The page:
Teaching and Learning Haiku in Community and Classroom: Stories, Challenges, Adventures
Do you teach haiku? In a classroom? An arts foundation? Community education? We want to hear about it. Want some new ideas? A place to vet an old idea before you try it “live”? Community support? How We Haiku — Teaching Stories is a monthly feature wherein we will share the many diverse and interesting ways your bring our favorite genre to your audience. Each month Brad Bennett and Jeannie Martin, co-chairs of The Haiku Foundation Education Committee, will host your stories of how you make haiku come alive for your students, and create an environment where educators can discuss the many challenges faced in bringing a fuller sense of haiku to a culture that knows little more than the stereotypes. Contact us to share your teaching stories, to ask your questions, and to find fellowship with your peers and the rest of the haiku community.
“We cannot teach a person directly, we can only facilitate his or her learning.”
— Carl Rogers
We welcome your comments (scroll down to the bottom of the page). And don’t forget about all the other fine education resources the Foundation has to offer.
This month THF Education Committee Chair Brad Bennett shares some thoughts on a challenging situation.
When I teach haiku to elementary school students, I always start with an introduction and then intend to head outside. Outside for close observation, for utilizing all of their senses, for getting at the essence of things, for experiencing nature, for culling the ever changing world for haiku moments . . .
But what if we can’t go outside? What if it’s raining buckets on the day we planned to write outside? Or what if other demands get in the way? Sometimes, real world complications get in the way of our best intentions.
So what do haiku teachers do in order to help their students write haiku when they can’t get outside and they’re stuck in the classroom? Obviously, we can use some of the techniques that we, ourselves, use when we write. We read other people’s haiku and they trigger our own memories of haiku moments. We think of specific times or settings (e.g. a seasonal activity, the first time we experienced something, or our grandparents’ house) in hopes that they will lead us to a haiku moment memory. These are just two of the many techniques we haiku writers use to generate ideas that we, in turn, can use with our students.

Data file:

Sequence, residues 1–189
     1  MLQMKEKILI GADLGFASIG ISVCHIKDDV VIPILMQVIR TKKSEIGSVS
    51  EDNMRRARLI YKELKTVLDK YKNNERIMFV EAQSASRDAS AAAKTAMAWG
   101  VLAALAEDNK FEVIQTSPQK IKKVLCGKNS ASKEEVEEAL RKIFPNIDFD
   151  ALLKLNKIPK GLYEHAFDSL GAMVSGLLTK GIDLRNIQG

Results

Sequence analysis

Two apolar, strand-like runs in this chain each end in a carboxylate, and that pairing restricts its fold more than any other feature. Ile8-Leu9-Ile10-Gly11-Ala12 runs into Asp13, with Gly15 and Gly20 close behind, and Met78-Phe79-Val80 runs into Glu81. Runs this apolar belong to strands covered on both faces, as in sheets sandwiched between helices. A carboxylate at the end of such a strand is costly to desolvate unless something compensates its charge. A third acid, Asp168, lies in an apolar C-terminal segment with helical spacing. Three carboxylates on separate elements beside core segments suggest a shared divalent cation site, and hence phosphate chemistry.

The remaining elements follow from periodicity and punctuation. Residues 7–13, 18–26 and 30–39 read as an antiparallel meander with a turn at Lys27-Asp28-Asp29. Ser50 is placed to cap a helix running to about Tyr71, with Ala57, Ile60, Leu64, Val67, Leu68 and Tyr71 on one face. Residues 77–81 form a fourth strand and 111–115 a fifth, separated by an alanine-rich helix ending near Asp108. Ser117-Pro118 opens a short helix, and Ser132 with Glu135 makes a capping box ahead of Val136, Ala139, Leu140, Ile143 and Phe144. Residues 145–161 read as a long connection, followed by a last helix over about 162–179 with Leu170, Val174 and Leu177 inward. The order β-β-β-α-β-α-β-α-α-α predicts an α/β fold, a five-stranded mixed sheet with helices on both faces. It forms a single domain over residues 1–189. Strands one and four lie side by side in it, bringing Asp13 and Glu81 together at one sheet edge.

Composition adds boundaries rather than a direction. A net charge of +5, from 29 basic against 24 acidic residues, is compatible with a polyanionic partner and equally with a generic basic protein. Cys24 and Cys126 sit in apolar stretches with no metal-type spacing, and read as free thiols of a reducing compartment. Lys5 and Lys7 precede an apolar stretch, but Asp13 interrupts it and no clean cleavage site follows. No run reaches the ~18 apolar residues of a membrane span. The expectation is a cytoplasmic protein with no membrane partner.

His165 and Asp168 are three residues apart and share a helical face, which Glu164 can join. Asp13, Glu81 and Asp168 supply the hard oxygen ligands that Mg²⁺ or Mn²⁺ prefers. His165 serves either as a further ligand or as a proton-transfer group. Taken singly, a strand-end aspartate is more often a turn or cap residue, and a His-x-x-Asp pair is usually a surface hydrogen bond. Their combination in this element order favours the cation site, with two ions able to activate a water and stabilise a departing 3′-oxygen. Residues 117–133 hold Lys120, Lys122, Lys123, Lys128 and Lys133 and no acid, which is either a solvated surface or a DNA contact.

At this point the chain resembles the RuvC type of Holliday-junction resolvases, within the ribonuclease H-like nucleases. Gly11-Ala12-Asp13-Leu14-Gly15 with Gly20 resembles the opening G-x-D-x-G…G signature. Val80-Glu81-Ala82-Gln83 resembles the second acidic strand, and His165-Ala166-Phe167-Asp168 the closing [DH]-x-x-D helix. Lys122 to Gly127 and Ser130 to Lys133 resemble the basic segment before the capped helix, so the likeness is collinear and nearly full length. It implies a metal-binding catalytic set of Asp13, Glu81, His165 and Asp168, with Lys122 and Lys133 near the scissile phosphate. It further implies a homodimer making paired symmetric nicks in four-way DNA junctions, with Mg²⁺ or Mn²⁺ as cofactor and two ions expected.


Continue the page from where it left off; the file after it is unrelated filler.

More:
I also use techniques with kids that I don’t use myself. For instance, for many years I have been collecting bird feathers on my outdoor walks. I bring my basket of bird feathers into the classroom and encourage my students to remember bird encounters or imagine how that feather came to fall on that particular path. I also bring in a basket of other natural objects that I’ve collected. These rocks, shells, bones, and pieces of coral help kids to remember past experiences or to dive deeply into the details of the objects they choose. Sometimes I ask each kid to pick a nature image from a pile cut from the many calendars I get in the mail, and then write a haiku inspired by that image. This has been one of the most productive techniques I’ve utilized.
These techniques certainly aren’t revolutionary, but they have helped my students create some fine haiku over the years. What do you do when you can’t bring your students outside to write?
— Brad Bennett